It was also on November 12 when the effects of Typhoon Ulysses and the cold front’s tail-end were battering the Cagayan Valley.

“So dalawang weather systems ‘yung nagpapaulan doon at nagtulak nga para itong Magat Dam ay magbukas ng gates,” Rojas said.

(So two weather systems brought rain and led to the decision for Magat Dam to open gates.)

Who’s to blame?

Gloria said the blame should not be only on NIA, pointing out that the Cagayan River has 20 tributaries and the Magat River is just one of them.

“Dahil sa malawakang pag-ulan na dulot nitong Bagyong Ulysses, halos lahat nitong 20, including Magat, ay nag-contribute ng pagbaha…. ‘Pag nagkasabay-sabay itong 20 tributary rivers na nag-contribute ng malaking tubig ay talagang malawakang pagbaha,” he insisted.

(Because of the rainfall brought by Typhoon Ulysses, almost all of the 20 tributaries, including Magat, contributed to the flooding… If these 20 tributary rivers would bring large amounts of water simultaneously, there will really be flooding.)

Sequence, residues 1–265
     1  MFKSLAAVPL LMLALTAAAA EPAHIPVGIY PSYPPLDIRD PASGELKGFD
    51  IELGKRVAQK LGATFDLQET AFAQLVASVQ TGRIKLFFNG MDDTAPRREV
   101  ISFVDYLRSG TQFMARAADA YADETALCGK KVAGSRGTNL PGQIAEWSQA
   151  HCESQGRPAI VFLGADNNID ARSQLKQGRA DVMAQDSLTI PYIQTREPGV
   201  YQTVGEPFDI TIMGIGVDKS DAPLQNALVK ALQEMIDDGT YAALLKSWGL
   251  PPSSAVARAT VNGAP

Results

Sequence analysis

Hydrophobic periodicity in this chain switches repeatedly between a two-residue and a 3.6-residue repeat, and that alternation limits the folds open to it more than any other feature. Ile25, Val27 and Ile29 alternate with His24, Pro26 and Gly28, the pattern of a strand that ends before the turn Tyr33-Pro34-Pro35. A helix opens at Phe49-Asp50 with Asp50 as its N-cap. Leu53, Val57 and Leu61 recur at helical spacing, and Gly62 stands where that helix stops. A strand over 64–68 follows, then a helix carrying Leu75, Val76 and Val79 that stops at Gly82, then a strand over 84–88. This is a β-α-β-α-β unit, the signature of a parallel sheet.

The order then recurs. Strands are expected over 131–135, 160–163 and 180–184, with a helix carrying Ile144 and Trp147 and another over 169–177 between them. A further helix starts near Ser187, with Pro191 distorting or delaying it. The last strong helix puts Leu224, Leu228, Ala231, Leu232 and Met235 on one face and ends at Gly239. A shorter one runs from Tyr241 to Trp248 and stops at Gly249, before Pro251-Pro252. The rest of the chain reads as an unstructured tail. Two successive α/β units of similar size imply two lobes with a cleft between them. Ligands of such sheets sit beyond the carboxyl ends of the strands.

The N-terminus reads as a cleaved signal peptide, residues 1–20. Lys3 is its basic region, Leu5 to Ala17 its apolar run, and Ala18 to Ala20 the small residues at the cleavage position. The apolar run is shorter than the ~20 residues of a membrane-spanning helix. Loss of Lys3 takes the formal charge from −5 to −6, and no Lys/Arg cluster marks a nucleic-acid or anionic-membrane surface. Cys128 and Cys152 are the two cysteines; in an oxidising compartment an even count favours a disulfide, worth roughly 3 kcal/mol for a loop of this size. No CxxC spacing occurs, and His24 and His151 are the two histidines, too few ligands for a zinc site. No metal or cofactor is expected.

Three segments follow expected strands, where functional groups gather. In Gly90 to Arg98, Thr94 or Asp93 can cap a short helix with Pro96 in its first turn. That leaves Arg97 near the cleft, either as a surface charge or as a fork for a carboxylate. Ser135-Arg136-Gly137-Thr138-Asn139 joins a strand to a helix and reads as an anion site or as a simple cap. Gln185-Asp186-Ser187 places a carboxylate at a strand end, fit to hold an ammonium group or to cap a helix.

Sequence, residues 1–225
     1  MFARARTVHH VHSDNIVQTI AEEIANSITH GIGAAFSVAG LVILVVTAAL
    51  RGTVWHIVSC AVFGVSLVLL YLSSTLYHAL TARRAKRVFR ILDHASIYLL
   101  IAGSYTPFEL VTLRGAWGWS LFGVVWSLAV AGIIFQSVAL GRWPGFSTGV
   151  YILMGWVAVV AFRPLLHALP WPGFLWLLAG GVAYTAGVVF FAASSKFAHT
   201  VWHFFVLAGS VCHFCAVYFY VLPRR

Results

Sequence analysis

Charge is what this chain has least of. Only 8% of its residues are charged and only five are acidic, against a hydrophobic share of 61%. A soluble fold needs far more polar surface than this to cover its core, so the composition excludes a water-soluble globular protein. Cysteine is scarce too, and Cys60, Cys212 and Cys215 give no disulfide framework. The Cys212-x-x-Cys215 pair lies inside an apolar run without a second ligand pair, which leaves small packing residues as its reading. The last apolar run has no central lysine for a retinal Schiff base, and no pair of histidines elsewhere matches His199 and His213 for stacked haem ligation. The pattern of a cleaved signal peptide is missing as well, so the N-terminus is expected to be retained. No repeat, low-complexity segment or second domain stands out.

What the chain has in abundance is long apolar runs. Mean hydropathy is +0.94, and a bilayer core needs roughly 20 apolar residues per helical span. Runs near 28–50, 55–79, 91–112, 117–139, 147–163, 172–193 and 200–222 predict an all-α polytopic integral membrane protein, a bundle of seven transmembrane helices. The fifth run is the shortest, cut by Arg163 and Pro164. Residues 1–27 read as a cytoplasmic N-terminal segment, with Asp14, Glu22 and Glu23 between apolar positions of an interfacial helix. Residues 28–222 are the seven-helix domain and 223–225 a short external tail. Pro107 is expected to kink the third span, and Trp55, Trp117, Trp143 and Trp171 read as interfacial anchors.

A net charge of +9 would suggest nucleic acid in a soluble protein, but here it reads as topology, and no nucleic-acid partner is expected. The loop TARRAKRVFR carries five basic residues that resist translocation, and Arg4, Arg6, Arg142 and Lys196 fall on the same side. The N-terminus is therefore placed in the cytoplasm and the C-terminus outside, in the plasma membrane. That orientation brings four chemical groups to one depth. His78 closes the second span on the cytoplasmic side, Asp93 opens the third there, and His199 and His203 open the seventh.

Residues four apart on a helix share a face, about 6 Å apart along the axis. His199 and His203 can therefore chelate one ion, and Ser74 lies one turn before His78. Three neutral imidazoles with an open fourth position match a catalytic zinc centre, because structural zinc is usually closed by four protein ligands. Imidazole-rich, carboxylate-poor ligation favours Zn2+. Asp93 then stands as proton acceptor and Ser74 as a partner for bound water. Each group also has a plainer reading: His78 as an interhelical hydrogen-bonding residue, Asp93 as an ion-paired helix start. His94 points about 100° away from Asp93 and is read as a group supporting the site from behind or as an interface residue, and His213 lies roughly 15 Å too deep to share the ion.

He further emphasized that soil in Cagayan Valley is already saturated with continuous rain over the past few days before the flooding.

“If we will hold the water coming in, it will compromise—mao-overload ang Magat Dam… at mas lalong grabe ang magiging epekto niyan which would result to dam break, the worst is to collapse,” Gloria said.

(If we hold the water coming in, Magat Dam will be overloaded and the effect will be worse, like dam break, or worst, it will collapse.) [ac]